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proceeds to yell at me insisting that "breastfeeding is inappropriate" and they did nothing wrong. I was the one that was so rude for leaving.

See, that side always says its about "discretion" but when they get angry you see that its really about breastfeeding. The act itself is unacceptable to them and not the amount or lack of skin showing. Its their own personal ick factor and sexual hangups and body image issues. There is nothing rude about leaving a place where you have been made to feel unwelcome. Your brother is as guilty as his fiancee. I would not see them again until they apologized or my child was weaned. Let them miss out on the joys of your child growing and developing. My inlaws were never breastfeeding supportive, but I never once hid or left any setting we were in. My FIL left the room many times until he realized being relegated to the kitchen meant he was missing out on visiting his grandkids for most of the visit. Then he gave up and got used to it. My MIL still has a pinched look on her face all the time, but after 7+ years of it she has ceased to make "formula is just as good" comments any more. Since I would laugh in her face and say things like, "oh yeah, cheap oils and fats and sugars that set up host of potential health issues is so much better than God's perfect food for babies and antibody protections." Once I said, "if you son made more money maybe I could afford it. This is free and we are broke." Not nice to my dh either (we had an issue of his underemployment at that time and lack of motivation to change that at the time and I had had it UP TO THERE with her comments and they did shut her up for a while).
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#12 of 146 Old 01-15-2008, 04:53 PM
 
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many of us find that as we gain clarity in our parenting practices, we give up or cool off on numerous friends and family relationships.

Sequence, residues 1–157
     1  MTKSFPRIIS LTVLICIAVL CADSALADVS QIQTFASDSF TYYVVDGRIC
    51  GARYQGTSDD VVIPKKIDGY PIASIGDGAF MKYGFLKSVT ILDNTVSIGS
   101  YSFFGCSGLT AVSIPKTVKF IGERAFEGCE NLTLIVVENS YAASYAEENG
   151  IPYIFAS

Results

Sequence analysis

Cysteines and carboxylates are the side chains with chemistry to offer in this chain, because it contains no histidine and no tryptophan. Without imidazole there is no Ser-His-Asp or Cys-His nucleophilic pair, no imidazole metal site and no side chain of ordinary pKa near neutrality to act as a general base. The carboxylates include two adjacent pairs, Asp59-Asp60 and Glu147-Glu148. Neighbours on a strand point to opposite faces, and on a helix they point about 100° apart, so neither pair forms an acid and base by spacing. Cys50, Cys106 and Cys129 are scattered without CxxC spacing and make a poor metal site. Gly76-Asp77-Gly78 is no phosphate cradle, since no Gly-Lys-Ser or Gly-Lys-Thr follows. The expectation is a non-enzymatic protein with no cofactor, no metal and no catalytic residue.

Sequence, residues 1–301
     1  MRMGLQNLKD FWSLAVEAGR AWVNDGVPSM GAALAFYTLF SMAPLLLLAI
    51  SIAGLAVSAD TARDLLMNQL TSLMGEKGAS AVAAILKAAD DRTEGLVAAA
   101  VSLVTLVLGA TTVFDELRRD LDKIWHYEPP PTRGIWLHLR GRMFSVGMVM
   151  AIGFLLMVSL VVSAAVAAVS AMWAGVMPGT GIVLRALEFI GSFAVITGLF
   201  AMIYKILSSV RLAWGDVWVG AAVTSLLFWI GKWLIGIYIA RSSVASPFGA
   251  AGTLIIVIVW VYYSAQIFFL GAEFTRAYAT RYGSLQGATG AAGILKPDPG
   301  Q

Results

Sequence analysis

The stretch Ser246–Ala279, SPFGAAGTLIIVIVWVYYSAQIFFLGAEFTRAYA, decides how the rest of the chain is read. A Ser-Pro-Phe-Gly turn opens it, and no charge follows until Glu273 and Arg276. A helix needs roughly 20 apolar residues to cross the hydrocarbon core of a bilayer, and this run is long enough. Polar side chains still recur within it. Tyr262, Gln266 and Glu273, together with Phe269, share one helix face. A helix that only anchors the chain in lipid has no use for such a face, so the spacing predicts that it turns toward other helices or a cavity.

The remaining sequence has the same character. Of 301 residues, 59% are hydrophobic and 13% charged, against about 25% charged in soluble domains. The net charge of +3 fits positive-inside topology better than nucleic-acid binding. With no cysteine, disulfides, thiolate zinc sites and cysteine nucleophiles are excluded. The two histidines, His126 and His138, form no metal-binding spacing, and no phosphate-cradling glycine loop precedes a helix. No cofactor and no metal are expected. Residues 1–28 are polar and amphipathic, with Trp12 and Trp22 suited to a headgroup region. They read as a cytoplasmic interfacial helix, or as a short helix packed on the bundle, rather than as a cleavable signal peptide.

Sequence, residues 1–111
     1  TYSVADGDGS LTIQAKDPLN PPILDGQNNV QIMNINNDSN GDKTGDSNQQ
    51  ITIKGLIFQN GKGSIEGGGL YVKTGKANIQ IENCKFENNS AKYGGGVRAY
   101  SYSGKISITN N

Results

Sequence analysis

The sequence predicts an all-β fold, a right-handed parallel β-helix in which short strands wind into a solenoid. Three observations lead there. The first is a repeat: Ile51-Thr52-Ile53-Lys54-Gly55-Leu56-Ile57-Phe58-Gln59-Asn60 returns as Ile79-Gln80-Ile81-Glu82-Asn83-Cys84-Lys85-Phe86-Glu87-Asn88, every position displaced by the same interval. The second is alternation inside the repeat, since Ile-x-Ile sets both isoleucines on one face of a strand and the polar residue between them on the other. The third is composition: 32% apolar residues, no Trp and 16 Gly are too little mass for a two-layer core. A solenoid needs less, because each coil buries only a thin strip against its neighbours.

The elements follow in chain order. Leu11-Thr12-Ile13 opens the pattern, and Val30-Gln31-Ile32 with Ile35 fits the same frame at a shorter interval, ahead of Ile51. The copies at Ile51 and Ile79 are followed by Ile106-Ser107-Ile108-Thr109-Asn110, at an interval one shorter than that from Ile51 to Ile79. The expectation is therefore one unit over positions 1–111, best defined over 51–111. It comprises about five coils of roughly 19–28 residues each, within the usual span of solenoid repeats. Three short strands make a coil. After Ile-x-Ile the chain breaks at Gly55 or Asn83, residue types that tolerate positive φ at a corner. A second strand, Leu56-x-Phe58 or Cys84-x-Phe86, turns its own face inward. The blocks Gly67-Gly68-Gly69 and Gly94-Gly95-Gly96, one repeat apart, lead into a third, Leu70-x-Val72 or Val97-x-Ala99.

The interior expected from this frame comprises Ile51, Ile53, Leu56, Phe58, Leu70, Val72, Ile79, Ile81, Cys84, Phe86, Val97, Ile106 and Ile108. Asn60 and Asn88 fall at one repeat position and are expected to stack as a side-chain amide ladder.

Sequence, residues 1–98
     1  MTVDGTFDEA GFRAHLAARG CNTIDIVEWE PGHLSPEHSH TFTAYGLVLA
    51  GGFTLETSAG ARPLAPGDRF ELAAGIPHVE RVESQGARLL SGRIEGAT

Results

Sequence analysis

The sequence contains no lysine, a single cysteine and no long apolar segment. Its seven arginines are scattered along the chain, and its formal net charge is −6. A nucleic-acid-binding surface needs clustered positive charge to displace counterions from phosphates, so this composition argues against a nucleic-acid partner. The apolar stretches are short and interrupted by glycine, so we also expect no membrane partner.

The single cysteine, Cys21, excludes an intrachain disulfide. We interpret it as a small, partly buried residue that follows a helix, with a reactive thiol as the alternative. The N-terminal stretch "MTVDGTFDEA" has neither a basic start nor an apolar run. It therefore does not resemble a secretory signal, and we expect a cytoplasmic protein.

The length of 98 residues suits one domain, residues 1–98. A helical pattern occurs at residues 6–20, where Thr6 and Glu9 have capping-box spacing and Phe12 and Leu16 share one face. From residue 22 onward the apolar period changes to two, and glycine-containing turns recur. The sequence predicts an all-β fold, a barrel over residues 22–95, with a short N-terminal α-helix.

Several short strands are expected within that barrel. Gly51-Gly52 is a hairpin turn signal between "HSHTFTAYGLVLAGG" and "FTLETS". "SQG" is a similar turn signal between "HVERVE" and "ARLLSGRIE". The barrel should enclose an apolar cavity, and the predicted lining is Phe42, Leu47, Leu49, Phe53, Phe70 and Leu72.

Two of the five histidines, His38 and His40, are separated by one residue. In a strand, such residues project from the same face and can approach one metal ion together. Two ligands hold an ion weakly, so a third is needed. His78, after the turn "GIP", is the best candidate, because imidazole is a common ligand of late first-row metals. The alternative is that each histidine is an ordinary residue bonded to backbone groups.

i know how hard it is to feel family divided over these things. but people who want to dictate to you like this aren't going to be much support over the next few years. my assumption is that if they're rude enough to pull this stunt, then they'll be rude enough to question/debate/rebuke you about other parenting decisions, since they'll probably FF, CIO etc. there won't be much to talk about over dinner, anyway.

did you and your brother get along well BEFORE future SIL entered the picture? if so, i'd let this incident slide, but not go to their house again without a discussion and agreement that you will nurse how and where suits your babies needs. if the relationship is rocky anyway... then drop 'em.

but of course it may not be that simple. if your parents (or other sibs) are nearby, and will pressure you to go to gatherings at this bro's house, then you may want to be more proactive. most likely the story has already spread through the family grapevine, so you may want to do damage/spin control, and speak with other family members. like "i'm not sure if you heard about bro's and my disagreement, but i wanted to let you know i will not be going there again unless it is clear that we will be nursing in our customary manner without being treated so rudely." otherwise the next family event will come up and you'll get pressured to attend and "be nice" "just go along with it for family peace/harmony."

hth

ETA kidspiration, we both thought of the "family harmony" pressure tactic!

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#13 of 146 Old 01-15-2008, 05:14 PM
 
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I would add a nice jab at his obvious good choice in Mommy Material for his future progeny. That instead of giving his future children the BEST, she'll be giving them the least because she's a stuck up prude.
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#14 of 146 Old 01-15-2008, 06:32 PM